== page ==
The political changes have been many and often violent with many casualties and little in the sense of political progress for the general population. Regimes have come and gone over the years, shifting from military to civilian to partisan (South Yemen) and finally to tribal-military, as is the present status. Perhaps the most favorable form that the Republic has taken was the 1968-1973 regime that was civilian and generally democratic and which raised the hopes that the Republic was really on the right track. The military ended that in 1973 with the Al-Hamdi coup d’etat. While many would regard that period (Al-Hamdi, from 1973-1978) as the best years of the Republic Ð and they are right, economically speaking, but they tend to overlook the fact that the revolt brought the military back to the forefront politically and thus ended civilian rule. 
On the other hand with the Revolution came several erratic changes, which included the massive executions, imprisonment and exile of the vanguard of the Imam’s regime, some of which could have helped to make a smooth transition to Republican rule, in view of their experience. But this created a big administrative vacuum that was filled by generally young inexperienced political opportunists, who could do no more than succumb to the “advice” of the Egyptian expeditionary forces that were sent to bolster the young Republic that was threatened with the return of the Royalists. 
Accordingly, the Egyptians introduced much of their bureaucracy and red tape that has lead to the creation of a similar bureaucratic order in Yemen, which eventually developed into a conglomerate of constraints that, in fact, became a hindrance to real development.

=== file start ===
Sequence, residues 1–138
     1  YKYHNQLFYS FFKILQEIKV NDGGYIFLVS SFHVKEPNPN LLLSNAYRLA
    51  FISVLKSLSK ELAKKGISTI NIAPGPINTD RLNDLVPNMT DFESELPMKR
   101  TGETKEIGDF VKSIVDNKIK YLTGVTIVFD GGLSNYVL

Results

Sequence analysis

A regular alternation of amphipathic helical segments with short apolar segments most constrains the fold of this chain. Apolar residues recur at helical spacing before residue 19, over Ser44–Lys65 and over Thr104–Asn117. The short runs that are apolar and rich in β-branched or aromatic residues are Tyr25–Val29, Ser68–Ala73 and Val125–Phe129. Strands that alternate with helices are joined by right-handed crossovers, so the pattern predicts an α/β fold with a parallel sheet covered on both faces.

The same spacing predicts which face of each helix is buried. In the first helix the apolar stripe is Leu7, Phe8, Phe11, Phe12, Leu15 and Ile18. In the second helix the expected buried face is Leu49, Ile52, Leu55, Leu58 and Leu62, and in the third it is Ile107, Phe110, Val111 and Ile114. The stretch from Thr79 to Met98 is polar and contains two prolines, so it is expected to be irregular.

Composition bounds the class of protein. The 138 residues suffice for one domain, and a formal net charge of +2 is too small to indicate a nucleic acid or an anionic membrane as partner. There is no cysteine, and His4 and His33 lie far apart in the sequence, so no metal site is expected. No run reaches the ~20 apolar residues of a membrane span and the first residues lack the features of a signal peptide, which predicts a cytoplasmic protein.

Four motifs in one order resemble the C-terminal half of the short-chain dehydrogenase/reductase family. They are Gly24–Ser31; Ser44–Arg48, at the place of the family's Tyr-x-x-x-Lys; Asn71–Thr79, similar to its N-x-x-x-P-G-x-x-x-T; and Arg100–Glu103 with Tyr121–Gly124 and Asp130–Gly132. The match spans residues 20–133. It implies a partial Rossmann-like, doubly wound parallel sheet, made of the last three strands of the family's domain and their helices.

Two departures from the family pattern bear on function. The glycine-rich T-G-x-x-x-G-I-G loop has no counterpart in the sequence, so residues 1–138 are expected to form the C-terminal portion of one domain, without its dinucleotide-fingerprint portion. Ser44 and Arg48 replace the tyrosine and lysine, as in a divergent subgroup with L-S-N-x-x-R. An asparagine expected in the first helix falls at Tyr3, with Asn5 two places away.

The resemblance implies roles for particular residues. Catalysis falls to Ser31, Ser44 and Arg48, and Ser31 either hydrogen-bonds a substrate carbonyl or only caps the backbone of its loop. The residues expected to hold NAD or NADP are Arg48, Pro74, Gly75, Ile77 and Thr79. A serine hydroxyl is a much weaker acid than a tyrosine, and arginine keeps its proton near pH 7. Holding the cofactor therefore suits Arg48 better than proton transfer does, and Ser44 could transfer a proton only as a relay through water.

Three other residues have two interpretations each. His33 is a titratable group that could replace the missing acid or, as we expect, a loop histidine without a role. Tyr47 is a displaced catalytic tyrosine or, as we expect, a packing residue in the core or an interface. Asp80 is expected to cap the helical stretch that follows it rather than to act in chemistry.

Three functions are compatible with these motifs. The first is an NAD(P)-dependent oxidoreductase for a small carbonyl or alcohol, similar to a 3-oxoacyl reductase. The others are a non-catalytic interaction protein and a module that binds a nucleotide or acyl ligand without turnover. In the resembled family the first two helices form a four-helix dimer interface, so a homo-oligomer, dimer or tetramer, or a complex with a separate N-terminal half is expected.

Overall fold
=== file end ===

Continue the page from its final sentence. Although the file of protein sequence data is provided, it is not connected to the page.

When the Egyptians left and the Civil War ended, the surviving Republic tried to redirect Yemen’s future towards meaningful progress and as stated before the 1968-1973 period represented the best political environment that the Republic could create. Al-Hamdi did not try to remove some of the institutional progress, economically and to a certain extent politically, other than giving the last word to the military. In fact the cooperative movement and local municipal rule were given the green light to develop on their own and indeed there was considerable progress made towards having effective local participation in many facets of public life. 
The subsequent regimes, however were not so keen on allowing greater popular participation in political and economic decisions. In fact the subsequent regimes opted to remove much of the progress that was made in the Al-Iryani and Al-Hamdi regimes that eventually lead to the development of the tight centralized structure we have today. Many of the laws that were effective have been either “amended” or made useless, thus creating a lack of consistent legal frameworks for the Republic to operate on and creating confusion, as in many cases the amended laws were no improvement over the previous laws. 
On the economic front, the government’s insistence on removing local powers and ownership of resources has done more to hinder any hopes of fast development, as centralization has increased investment costs and removed the local management criteria, that is essential for the sound management of the natural and human resource base. 
The point to be made here is that for development to be meaningful and progressive, there must be some consistency in how we manage our affairs. Moreover there must also be consistency between what we say and what we do, as that has been also a leading handicap of our dissemination of information. Words tend to not mean what they are commonly understood by most thinking people and tend to mean just what the government wants people to understand them to mean, which leads to problems in formulating policies and the strategies that are necessary for their implementation. 
This is probably evident by the pending Local Administration Law that is under debate and which has totally retranslated the concept of local government to reflect the same thing we are in now, but in a somewhat different format. There is no indication that there are really sufficient grounds for lempowerment or ownership of resources implied. There are no indications that we have achieved the progress we were opting for by a new Local Administration Law.